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Author Topic: Why the SEC has struggled to get elite QB play  (Read 97 times)

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Why the SEC has struggled to get elite QB play
« on: August 20, 2016, 08:27:54 am »


SEC is perceived as the benchmark in college football. The league has won eight of the past 10 national championships. It's produced 47 first-round picks over the last five years, nearly twice as many as any other conference. And yet, when it comes to quarterbacks, the SEC has fallen behind the curve.

Of those 47 first-round picks, guess how many were quarterbacks? One. Johnny Manziel.

Cam Newton, last year's NFL MVP, is an oblivious success story. And Matthew Stafford has carved out a solid career.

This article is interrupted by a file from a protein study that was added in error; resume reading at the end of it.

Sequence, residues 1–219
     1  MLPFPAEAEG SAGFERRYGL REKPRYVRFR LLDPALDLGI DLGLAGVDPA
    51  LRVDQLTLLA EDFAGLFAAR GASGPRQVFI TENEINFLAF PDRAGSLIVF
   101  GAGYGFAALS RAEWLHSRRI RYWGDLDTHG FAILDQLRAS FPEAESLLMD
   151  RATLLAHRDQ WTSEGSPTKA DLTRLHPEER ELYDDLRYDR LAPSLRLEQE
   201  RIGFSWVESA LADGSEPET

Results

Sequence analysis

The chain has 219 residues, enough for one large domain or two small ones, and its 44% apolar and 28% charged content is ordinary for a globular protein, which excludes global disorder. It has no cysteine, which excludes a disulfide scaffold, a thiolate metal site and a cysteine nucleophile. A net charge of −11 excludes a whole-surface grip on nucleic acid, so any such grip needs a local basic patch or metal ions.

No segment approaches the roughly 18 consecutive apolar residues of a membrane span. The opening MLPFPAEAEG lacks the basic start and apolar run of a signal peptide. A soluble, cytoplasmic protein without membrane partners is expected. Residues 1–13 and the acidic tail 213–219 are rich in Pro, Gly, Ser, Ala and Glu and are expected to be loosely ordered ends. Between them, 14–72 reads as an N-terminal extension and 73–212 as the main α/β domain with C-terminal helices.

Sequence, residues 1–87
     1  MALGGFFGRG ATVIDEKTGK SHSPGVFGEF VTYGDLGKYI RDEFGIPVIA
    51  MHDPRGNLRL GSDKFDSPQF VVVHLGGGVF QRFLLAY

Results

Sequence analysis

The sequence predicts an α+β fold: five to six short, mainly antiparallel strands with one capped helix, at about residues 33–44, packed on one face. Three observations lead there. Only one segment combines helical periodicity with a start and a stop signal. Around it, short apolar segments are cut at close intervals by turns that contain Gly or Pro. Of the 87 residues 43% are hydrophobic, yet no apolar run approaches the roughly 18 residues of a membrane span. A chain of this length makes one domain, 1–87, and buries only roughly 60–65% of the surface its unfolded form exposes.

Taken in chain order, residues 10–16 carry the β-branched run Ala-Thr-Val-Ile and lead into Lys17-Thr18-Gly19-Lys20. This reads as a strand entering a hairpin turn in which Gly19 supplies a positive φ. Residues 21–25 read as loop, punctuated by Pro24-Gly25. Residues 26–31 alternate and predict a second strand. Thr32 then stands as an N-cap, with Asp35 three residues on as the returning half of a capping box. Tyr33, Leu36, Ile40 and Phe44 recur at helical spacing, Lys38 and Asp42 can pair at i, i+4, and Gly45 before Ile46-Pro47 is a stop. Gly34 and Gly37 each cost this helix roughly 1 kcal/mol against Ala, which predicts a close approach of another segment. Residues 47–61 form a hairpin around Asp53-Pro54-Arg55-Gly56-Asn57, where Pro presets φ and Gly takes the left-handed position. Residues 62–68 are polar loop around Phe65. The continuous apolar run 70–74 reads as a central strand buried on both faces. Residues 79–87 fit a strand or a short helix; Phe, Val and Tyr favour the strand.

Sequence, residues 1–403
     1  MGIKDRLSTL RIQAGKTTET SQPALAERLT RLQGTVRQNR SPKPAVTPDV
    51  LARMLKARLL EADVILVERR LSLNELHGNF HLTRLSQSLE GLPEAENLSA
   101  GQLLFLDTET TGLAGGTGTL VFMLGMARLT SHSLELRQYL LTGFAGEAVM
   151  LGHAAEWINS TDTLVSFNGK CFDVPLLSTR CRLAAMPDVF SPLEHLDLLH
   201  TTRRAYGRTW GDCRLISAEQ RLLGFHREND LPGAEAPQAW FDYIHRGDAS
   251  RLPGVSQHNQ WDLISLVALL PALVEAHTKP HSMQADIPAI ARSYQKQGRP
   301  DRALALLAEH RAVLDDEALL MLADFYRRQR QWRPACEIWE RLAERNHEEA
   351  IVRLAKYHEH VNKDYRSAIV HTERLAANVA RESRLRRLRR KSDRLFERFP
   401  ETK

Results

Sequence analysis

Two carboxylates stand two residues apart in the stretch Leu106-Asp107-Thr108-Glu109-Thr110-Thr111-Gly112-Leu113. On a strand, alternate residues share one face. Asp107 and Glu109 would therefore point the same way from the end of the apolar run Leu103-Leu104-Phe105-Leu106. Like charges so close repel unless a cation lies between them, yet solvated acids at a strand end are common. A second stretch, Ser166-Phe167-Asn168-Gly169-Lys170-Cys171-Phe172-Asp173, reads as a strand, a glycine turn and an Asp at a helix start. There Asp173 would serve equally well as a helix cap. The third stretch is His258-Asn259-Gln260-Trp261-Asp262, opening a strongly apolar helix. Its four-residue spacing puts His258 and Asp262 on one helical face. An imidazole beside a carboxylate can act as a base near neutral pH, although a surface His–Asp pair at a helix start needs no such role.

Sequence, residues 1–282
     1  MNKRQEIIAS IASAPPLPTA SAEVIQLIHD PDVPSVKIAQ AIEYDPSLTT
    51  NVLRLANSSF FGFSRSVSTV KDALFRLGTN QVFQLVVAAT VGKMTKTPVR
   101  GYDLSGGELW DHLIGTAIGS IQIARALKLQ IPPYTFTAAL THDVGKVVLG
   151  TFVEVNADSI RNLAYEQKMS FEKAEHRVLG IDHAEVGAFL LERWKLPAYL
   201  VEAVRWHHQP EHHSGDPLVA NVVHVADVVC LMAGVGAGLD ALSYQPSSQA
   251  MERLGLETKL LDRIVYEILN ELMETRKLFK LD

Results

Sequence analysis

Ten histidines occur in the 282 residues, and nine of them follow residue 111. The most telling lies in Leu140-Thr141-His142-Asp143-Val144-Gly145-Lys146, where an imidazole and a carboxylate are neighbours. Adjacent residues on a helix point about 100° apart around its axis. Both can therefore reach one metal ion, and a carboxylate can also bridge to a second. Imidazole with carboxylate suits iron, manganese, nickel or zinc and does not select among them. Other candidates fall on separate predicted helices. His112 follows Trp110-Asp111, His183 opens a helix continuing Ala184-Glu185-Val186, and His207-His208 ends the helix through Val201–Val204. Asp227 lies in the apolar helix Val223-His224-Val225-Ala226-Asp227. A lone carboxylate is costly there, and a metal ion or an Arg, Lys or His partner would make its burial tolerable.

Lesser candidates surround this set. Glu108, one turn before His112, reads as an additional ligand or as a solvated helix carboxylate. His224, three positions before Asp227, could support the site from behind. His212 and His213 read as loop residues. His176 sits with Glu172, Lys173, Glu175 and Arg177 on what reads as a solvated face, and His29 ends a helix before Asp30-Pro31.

Why hasn't the SEC produced more elite quarterbacks?

"I'm not sure," Florida coach Jim McElwain said. "I know those two you mentioned [Newton and Stafford] - they're pretty damn good."

But that doesn't really answer the question. And this year, outside of a couple spots, there is more uncertainty at the position than ever.

When ESPN ranked the top 100 players in the country earlier this month, only two SEC quarterbacks -- Chad Kelly and Joshua Dobbs --

Again, where are the elite quarterbacks in the SEC?

"That's a great question," Auburn coach Gus Malzahn said. "I'm really not for sure."

SEC QBs play against SEC defenses, especially those playing in the SEC West.
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